One of the mysteries of the English language finally explained.
1A plant of the daisy family, typically with yellow, orange, or copper-brown flowers, that is widely cultivated as an ornamental.
Genera Tagetes (the French and African marigolds) and Calendula (the common (or pot) marigold), family Compositae
- ‘For example - a bright blue pot planted with orange marigolds stands out in any setting.’
- ‘Its fern-like foliage provides a soft background for smaller sun-loving petunias, daisies, marigolds and others.’
- ‘Dark-leafed Heuchera ‘Palace Purple’ and bright orange pot marigold add contrast and stop the group looking wishy-washy.’
- ‘If you have a history of allergy to daisies, ragweed, marigolds, chrysanthemums, or related plants, you may be more at risk of having an allergic reaction to echinacea.’
- ‘Poppies, sweet peas, pot marigold and gilia are all waiting in our yard for attention.’
- ‘Fast-growing annuals such as nasturtium, candytuft and pot marigold can still be sown.’
- ‘The yellow of their egg yolks will be an even more intense golden color thanks to the natural orange pigments in the marigolds.’
- ‘If you are tempted to plant annual flower seedlings, consider the most heat-tolerant ones such as petunias, calendulas, cosmos & African marigolds.’
- ‘It is also know as pot marigold, but should not to be confused with the common garden marigolds of the Tagetes species.’
- ‘The field was dotted with a wide assortment of colors, both vibrant in their autumn oranges and yellow marigolds and subdued with pastels of pink and sky.’
- ‘The air is awash with the fragrance of marigolds as families weep and hug their departing ones: proud and sad and a little apprehensive, but incredibly happy for what the future holds.’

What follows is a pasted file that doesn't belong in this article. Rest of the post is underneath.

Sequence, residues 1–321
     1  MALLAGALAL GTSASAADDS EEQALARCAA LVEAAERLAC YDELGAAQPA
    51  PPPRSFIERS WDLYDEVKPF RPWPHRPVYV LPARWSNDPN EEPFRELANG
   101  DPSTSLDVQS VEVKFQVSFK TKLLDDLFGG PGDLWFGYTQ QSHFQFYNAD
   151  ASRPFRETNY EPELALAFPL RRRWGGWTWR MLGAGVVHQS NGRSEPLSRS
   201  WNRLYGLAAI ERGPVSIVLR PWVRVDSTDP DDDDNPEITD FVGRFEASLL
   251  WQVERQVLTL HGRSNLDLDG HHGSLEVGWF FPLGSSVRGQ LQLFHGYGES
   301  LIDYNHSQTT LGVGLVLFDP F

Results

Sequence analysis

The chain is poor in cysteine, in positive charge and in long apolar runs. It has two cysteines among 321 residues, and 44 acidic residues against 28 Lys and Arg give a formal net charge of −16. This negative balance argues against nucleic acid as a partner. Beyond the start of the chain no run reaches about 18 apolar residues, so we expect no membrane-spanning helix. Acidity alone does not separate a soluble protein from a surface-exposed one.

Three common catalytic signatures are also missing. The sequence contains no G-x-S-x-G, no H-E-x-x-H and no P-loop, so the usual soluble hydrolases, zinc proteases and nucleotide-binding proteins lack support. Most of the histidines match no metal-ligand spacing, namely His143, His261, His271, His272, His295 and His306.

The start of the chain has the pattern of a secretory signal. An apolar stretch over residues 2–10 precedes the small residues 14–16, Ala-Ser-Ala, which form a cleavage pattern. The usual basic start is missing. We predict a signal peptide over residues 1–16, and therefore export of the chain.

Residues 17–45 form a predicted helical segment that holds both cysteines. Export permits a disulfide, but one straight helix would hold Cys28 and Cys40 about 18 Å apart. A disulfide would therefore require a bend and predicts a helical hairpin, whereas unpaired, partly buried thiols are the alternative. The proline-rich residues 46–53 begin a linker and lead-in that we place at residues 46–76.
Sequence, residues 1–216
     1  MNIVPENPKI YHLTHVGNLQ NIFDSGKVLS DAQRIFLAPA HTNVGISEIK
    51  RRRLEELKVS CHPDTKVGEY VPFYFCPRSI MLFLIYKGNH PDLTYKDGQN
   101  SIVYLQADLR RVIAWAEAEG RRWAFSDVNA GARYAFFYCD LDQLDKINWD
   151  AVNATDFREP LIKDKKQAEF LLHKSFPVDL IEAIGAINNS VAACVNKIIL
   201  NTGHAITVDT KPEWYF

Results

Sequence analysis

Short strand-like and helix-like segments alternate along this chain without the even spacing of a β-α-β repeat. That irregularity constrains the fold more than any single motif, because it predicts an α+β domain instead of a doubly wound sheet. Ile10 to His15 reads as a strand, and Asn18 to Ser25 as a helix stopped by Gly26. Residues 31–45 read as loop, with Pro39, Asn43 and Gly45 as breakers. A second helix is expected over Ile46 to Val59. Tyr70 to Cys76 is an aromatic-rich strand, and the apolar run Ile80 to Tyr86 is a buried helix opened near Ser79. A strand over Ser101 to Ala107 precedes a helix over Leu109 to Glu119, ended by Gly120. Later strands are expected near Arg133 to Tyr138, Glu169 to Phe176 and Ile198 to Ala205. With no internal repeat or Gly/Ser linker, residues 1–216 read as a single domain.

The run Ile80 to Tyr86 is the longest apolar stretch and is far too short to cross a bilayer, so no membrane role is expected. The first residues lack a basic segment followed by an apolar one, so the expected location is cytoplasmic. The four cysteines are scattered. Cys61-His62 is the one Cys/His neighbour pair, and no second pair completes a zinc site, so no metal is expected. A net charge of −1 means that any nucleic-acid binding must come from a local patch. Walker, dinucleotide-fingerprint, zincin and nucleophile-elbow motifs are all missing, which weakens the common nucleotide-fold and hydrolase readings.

- ‘There were daisies, petunias, tulips, marigolds, and sunflowers.’
- ‘Most people are familiar with pot marigold and nasturtium, my favourite good-value plant with its peppery-tasting leaves, decorative edible flowers, and plump seeds that can be pickled as capers.’
- ‘Almost hypnotic he thought, and upon closing his eyes he saw a vast field of marigolds and daisies that had covered the backyard to his home.’
- ‘Vibrant orange marigolds sit quite comfortably close to the paler blue cornflower.’
- ‘Their garden includes an impressive display of petunias, orange marigolds and lilies, and hundreds of eye-catching colours are on display.’
- ‘Calendula, also known as Scotch or pot marigold, is another old trouper.’
- ‘I went upstairs on the roof and sat among the potted plants, among the violets and chrysanthemums and marigolds and daisies.’
- ‘These included lilacs, lindens, Virginia creeper, marigolds, sunflowers, honeysuckle, pinks, and daisies.’
- ‘There were also carnations, marigolds and daisies planted around the sides of the garden.’
- 1.1 Used in names of other plants with yellow flowers, e.g., corn marigold, marsh marigold.
Late Middle English: from the given name Mary (probably referring to the Virgin) + dialect gold, denoting the corn or garden marigold in Old English.
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